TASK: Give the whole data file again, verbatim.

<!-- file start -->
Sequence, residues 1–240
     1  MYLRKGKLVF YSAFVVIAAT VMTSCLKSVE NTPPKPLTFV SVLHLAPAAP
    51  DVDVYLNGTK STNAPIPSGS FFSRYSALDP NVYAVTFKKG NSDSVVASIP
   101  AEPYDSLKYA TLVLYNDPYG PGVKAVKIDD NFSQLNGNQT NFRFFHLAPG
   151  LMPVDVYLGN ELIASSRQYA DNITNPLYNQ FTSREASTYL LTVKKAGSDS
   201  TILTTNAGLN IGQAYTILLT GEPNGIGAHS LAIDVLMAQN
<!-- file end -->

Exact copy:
Sequence, residues 1–240
     1  MYLRKGKLVF YSAFVVIAAT VMTSCLKSVE NTPPKPLTFV SVLHLAPAAP
    51  DVDVYLNGTK STNAPIPSGS FFSRYSALDP NVYAVTFKKG NSDSVVASIP
   101  AEPYDSLKYA TLVLYNDPYG PGVKAVKIDD NFSQLNGNQT NFRFFHLAPG
   151  LMPVDVYLGN ELIASSRQYA DNITNPLYNQ FTSREASTYL LTVKKAGSDS
   201  TILTTNAGLN IGQAYTILLT GEPNGIGAHS LAIDVLMAQN